Hundreds of episodes later, I finally caught up with the current time for all of those shows. I wasn’t sad. In fact, I was happy, I had heard far more than I ever expected to; vast reaches of science and technology had been brought into my world, and strange twists of psychology were now part of my lexicon. Interestingly, my word counts at night shot up. At work, things that had been difficult to comprehend suddenly started making sense, and the features I needed to write started rolling out of my head at their normal rate.

A week passed, and a little blinking light on my phone told me I had five new shows. Excited by the new episodes, I listened to them over the next few days. My word count dropped; the features in the code at work became a little blurry. All caught up with the shows, I was back to normal. The following day my creative endeavors again sped up. That was a pattern, and my programming instincts and finely tuned pattern detection senses alerted me that something was up. The next time some episodes came up the pattern repeated.

And there it is; that “dead air” time was actually being used. I had to pay attention for a few weeks, but I discovered that all that silence was important to my abilities to think clearly. I suspect the same is true for most people. You see, I found that fresh from an evening of writing the current adventures of my characters, and then sleeping on them, the “dead air” time in the morning on the way to work was actually time I spent contemplating my fictional characters’ current dilemmas. I considered all the current facts, timelines, plots, and other narrative elements and semi-planned that night’s work. On the ride home, my mind filled with code and complex inter-system behaviors, I continued to work on the complex systems until I was almost home planning out the following day’s efforts. By taking away that “dead air” time, I actually was pushing all that planning and analysis into the hours when I need it to be already done.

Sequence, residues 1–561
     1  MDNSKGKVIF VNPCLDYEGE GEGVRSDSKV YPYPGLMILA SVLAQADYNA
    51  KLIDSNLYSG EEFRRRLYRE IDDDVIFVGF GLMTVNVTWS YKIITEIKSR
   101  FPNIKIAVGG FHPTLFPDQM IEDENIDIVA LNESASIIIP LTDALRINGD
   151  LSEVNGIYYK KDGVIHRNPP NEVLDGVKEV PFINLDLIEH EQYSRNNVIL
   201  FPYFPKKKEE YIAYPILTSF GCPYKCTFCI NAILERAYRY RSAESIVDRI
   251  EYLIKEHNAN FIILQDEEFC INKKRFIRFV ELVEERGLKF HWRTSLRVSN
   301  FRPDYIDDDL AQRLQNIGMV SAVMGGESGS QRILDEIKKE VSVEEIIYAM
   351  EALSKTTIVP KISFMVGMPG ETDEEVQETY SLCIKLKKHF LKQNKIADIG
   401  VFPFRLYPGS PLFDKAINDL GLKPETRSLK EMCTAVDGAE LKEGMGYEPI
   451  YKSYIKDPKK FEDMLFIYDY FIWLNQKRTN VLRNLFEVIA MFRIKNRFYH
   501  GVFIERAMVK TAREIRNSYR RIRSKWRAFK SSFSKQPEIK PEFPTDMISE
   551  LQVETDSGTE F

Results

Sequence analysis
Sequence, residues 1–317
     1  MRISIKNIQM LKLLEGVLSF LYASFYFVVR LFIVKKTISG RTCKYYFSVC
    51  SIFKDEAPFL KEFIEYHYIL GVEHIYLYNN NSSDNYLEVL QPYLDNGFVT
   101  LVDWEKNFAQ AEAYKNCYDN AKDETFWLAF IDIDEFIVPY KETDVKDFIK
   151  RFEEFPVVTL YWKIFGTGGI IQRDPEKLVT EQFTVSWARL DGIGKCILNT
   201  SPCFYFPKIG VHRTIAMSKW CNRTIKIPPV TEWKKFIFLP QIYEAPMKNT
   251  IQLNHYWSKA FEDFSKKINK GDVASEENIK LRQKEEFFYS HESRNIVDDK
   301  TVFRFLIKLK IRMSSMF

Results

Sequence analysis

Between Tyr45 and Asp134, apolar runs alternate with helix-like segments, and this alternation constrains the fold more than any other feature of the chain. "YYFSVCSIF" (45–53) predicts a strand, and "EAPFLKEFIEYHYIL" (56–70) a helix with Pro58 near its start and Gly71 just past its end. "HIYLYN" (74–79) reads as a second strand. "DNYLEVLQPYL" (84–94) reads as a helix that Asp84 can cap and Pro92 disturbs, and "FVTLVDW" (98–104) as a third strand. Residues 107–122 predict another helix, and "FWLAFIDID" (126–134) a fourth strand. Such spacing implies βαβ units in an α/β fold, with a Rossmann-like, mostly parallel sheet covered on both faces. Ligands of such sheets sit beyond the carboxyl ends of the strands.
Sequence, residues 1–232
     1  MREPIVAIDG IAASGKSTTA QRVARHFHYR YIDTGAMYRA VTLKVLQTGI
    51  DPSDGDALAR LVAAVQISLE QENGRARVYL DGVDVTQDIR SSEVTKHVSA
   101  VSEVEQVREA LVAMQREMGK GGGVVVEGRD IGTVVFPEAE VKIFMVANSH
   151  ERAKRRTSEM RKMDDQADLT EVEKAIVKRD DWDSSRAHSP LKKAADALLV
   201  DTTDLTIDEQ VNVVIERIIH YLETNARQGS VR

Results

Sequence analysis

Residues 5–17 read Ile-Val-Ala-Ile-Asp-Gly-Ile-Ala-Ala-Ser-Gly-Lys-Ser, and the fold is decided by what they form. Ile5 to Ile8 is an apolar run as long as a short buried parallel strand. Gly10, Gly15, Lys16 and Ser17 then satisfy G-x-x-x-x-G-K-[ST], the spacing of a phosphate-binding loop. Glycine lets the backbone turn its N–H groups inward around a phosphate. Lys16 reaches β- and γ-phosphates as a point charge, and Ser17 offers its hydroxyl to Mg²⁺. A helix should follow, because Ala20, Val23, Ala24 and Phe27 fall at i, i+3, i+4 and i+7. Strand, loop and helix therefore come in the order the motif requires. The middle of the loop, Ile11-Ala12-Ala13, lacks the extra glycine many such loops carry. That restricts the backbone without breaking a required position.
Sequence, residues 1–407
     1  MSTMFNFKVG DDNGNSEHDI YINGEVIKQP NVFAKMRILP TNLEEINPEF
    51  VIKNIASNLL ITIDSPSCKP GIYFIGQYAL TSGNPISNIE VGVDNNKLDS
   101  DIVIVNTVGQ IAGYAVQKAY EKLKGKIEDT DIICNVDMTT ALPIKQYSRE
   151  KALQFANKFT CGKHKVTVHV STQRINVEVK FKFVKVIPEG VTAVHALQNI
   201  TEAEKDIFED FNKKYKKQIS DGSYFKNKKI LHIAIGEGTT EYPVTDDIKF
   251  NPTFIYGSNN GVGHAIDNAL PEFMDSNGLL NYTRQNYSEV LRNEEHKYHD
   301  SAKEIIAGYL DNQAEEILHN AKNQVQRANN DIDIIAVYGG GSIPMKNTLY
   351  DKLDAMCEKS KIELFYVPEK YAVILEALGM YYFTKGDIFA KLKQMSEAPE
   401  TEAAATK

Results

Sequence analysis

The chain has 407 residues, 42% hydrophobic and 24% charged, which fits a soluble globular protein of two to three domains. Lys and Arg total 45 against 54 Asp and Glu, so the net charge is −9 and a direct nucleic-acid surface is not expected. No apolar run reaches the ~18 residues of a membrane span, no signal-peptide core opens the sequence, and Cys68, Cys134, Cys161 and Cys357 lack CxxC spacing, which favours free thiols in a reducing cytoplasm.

In short, it is actually more productive to give yourself thirty minutes to an hour of “nothing to do” quiet time twice a day. It is during this quiet time that you can consider what needs to happen next and simply rest from the otherwise overly busy modern day.

I still love my radio shows, and I still plan on listening to their podcasts. Only now, I will allocate time to listen to them, just like I would allocate time to go see a movie or watch a particularly interesting television show.

  • Robin Lythgoe

    In this day and age of multi-tasking, I find this info very interesting and useful. When there are piles of things to do, it’s tempting to try to do at least two things at once, and there is plenty of “stuff” to fill up every spare minute of our lives—and then some! One week of 20 minute meditations before work helped me feel more relaxed and focused. Then I got caught up in the rush (and oops, sickness!) of the holidays. That and quiet time are essential. I’ve actually found one instance of multi-tasking that actually works: mindless chores + thinking about my current WIP.

    Long live quiet time!

    • Robin I hear you loud and clear. I’m really enjoying having my mind back online. That quiet time really is important for my creative good functioning. Thanks for reading!

  • Sherry Laflamme

    Love the Golden Threads “duo-oligy” (note: not trilogy). Hmmm, just waiting…

    • So pushy…dang I’m trying to make it great. Working on it right now as a matter of fact. 🙂 Well, not right now, or right then, because I’m here, but, I’m getting to it in a moment…BTW did you know a moment is defined as ninety seconds? Okay almost now (which will be then, when you read this) getting back to writing the fall of Allornia to the Nhia-Samri.

  • Joy Wilson

    I have never listened to a podcast. They sound like something I need to avoid. I have my first Kindle and I am slowly becoming adjusted to its intrusion into my life. I value my quiet time.
    I am an avid reader. I am waiting for _Thread_Skein_ somewhat patiently. When I am unhappily and rudely torn from a world I am inhabiting With Great Interest Because The Author Has NOT Finished the Next Book, I can console myself by rereading the preceding volume(s). Obviously, this only works with excellent authors. I might not be so accommodating were it not for the fact that I am between book one and book two! Thank you for the pleasure your books have given me. I look forward to the fruits of your future quiet times.

    • Joy thank you so much for the inspiration. I have been posting snippets of the ongoing work on book three onto the Facebook page for the Golden Threads ( (link is external)). I got stuck last week because of a family move. Happy to report that a week later all the stuff and shuffling is finished and I’m back on my main system. I’ve been having to do a lot more research than I originally planned for, but I am loving it. Lately I have been studying desert survival and all the horrible things that can go wrong in a deep desert environment. :^) I have five more chapters to go before the book is ready for the editors!

      Again thanks for the kind words!

      + Leeland

  • J.D. Hallowell

    I agree – the hours I spend “doing nothing” are some of the most truly productive ones.